I know…now I sound like your parents. How many of us have heard these quotes as kids or said these to our kids:
“Brush your teeth…you don’t want any cavities.”
“You don’t want to be a Yuck Mouth.”
“And brush your teeth too!!!”
“Dont’ forget to floss.”
I know it can be a pain in the butt to take the time to brush, but as adults, brushing our teeth should be automatic by now. If it isn’t, then regular visits to the dentist for cavities or gum disease are likely in your future. When we think fitness, the focus may seem like it should be on muscles and diet, but we have to take care of our bodies and that includes our teeth too. For this reason, I thought I would share some recommendations I have learned either through experience or reading that I thought I would share. Let’s start with the obvious.
How Many Times a Day?
Like any other kid, I was not really a fan of brushing my teeth. I didn’t see it as important as they were going to fall out anyway. As a teenager, my only motivation to brush my teeth was that I didn’t want to go to school with the infamous dragon breath. So I would only brush my teeth in the morning every day. Once a day was enough, or so I thought. Unfortunately cavities and other teeth challenges taught me otherwise.
Growing up I heard you should brush your teeth after every meal. I even saw commercials where they showed the person eating lunch and then going back to the office with their travel toothpaste kit and brushing their teeth. That wasn’t for me, so I settled on brushing twice a day. I brush my teeth first thing in the morning and last thing before bed. I also brush my teeth if my mouth just feels like it needs a brushing.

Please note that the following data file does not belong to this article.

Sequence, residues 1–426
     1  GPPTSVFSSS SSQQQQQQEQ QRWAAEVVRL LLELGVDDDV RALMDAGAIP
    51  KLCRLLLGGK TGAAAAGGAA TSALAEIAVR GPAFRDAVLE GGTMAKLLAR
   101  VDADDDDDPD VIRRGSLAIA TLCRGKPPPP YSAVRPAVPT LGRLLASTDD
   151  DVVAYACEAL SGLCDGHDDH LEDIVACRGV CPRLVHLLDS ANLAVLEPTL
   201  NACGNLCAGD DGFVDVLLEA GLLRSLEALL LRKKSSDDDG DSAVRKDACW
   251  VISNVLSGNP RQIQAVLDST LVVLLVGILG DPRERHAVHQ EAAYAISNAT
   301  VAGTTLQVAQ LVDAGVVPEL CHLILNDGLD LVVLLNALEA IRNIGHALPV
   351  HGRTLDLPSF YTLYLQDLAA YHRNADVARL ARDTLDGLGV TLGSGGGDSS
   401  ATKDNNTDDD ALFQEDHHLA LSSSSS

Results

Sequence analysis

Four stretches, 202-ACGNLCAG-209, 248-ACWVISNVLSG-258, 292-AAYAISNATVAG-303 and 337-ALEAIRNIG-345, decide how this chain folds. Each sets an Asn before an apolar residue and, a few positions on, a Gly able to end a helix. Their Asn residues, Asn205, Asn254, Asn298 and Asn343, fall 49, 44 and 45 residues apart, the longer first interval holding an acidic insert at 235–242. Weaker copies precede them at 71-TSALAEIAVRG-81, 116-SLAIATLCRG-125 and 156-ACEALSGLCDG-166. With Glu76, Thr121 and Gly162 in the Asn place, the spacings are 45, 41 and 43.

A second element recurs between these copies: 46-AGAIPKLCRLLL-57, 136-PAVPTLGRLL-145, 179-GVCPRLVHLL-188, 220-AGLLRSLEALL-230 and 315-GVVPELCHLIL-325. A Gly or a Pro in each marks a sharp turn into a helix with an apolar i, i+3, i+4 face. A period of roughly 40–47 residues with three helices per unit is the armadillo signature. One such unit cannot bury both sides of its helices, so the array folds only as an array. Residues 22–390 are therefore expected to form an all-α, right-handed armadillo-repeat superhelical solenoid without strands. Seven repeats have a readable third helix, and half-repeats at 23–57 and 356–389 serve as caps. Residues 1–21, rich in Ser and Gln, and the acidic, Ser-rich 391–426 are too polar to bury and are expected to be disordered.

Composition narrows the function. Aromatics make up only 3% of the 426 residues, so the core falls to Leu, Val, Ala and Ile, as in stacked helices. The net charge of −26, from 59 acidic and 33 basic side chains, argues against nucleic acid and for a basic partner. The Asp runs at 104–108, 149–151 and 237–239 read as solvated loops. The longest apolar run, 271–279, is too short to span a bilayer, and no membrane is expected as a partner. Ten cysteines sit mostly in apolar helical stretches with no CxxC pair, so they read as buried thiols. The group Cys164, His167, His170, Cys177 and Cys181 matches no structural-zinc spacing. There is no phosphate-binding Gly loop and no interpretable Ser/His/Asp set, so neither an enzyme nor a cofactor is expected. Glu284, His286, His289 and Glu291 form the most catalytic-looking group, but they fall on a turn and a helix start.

The American Dental Association recommends brushing your teeth twice a day with fluoride toothpaste for two minutes each time. This seems to jive with my experience, as I haven’t had any cavities since I started brushing twice a day. Therefore, it seems like the best answer is to brush at least twice daily.
When Should You Floss?
When to floss??? No, not when a good song comes on…hehe. Flossing seems to be something that we all have to adapt if we want to avoid problems. I use to never floss. I always think back to Jeff Foxworthy’s comedy where he talks about going to the dentist and being asked when was the last time he had flossed. His response was, “Hmmm…you did it” referring to the dentist being the last person to floss his teeth. Hilarious!!!
Though I use to never floss, over the last 3 years, I learned I need to. As we get older, our teeth shift and quite honestly, food gets trapped more easily in the teeth. My wife swears she will not leave home without floss. It is common for us both to look to floss our teeth after a meal. Not because we have a good habit, but because we need to. This means I typically floss at least twice a day.
Should you floss before you brush your teeth or after? Latest studies I have read says that it is best to floss your teeth before you brush. This says that it loosens up food and bacteria, thus making the tooth brush more effective. On the other hand, I watched a YouTube video the other day that talked about flossing after you brush your teeth and before you rinse your mouth out, so you can pull some toothpaste in between your teeth with each floss. Personally, I am going to stick with the recommendation to floss before I brush. This way, the excess food is removed from my teeth and the brush can hit more areas.
Taking care of your teeth is just as important as taking care of any other part of your physical fitness. If you are overweight and unhealthy, you can be miserable. If you have gum disease or a bunch of cavities, that will make you miserable too. With this in mind, be sure to brush your teeth at least twice daily with flossing at least once a day. Do your best to care for your teeth so you will have them a long time and avoid the costs of high dentist bills. Now brush those teeth and show them pearly whites!!!